Seals can sing like humans


Seals can sing like humans

Singing Seal
Picture: University of St Andrews.

Grey seals have the ability to copy human songs and speech, using the same physical mechanisms as people to produce the sounds, according to a new scientific study in Scotland. The researchers believe that the findings could prove helpful in the study of speech disorders.

Dr Amanda Stansbury and Prof Vincent Janik of the Scottish Oceans Institute (SOI) at the University of St Andrews monitored three young grey seals (Halichoerus grypus) from birth to determine their natural repertoire of vocalisations.

They then trained the seals to copy new sounds such as musical notes and human vowels by modifying concentrations of acoustic energy known as “formants”.

The researchers found that a seal called Zola was so good at reproducing melodies that she could copy sequences of up to 10 notes of songs such as Twinkle Twinkle Little Star. The other seals were able to copy combinations of human vowel sounds accurately.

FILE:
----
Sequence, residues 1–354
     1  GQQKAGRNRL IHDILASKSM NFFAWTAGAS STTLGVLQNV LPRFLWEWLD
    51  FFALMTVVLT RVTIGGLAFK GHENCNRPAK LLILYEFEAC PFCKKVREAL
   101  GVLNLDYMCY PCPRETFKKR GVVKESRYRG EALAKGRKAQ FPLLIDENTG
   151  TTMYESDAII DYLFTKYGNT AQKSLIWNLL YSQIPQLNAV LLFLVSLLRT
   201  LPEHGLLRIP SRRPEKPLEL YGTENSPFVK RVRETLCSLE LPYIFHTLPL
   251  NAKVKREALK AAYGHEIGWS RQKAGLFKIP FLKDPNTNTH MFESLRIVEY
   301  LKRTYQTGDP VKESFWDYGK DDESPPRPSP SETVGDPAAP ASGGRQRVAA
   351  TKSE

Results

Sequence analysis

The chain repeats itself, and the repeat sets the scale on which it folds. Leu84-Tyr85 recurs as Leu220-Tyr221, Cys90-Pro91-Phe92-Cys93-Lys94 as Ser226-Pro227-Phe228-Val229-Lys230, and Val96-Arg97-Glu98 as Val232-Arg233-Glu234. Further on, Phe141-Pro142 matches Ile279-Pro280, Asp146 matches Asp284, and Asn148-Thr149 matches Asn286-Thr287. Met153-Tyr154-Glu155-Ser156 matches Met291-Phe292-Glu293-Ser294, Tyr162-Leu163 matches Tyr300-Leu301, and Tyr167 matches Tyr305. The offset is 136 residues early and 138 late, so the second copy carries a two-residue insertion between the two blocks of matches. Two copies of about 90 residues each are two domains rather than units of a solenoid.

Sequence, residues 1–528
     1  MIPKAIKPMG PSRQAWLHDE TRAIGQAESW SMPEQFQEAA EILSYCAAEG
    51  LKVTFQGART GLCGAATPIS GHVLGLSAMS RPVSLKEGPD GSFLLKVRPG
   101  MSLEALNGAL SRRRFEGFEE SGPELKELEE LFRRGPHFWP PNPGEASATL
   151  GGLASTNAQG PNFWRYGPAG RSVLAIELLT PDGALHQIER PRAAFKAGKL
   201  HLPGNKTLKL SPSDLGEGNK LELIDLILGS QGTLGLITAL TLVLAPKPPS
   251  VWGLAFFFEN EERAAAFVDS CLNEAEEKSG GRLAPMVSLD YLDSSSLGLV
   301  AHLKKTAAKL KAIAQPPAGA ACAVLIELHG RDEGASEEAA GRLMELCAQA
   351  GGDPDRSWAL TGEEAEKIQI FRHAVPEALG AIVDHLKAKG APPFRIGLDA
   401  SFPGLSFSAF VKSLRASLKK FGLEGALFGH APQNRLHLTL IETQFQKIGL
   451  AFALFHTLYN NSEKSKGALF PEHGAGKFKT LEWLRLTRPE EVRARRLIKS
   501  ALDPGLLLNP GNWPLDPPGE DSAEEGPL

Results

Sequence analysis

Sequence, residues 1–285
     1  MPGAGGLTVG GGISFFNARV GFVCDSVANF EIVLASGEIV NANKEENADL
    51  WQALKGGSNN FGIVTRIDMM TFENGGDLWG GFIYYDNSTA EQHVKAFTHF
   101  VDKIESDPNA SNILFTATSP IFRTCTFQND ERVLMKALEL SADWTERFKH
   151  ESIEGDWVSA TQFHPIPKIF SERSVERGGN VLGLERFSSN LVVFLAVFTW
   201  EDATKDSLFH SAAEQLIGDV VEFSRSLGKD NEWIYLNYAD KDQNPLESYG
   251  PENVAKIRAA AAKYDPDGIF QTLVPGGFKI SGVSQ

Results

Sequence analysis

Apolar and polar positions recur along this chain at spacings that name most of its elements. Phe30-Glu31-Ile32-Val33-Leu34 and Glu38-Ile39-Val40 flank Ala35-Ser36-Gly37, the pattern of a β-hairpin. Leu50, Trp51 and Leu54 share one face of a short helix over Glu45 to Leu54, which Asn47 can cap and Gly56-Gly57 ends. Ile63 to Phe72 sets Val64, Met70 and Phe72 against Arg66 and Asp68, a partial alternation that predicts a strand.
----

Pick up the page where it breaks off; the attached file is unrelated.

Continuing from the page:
Such ability is rare in animals. Other attempts to teach mammals such as apes to produce human speech sounds had proved largely unsuccessful, said the researchers, but the seals were described as “versatile vocal learners”.

17 July 2019

“I was amazed how well the seals copied the model sounds we played to them,” said Dr Stansbury. “Copies were not perfect but given that these are not typical seal sounds it is pretty impressive. Our study really demonstrates how flexible seal vocalisations are. Previous studies just provided anecdotal evidence for this.”

“This study gives us a better understanding of the evolution of vocal learning, a skill that is crucial for human language development,” said Prof Janik. “Surprisingly, non-human primates have very limited abilities in this domain.

“Finding other mammals that use their vocal tract in the same way as us to modify sounds informs us on how vocal skills are influenced by genetics and learning and can ultimately help to develop new methods to study speech disorders.”

The study is published in Current Biology, and a video of the singing seals can be seen here.



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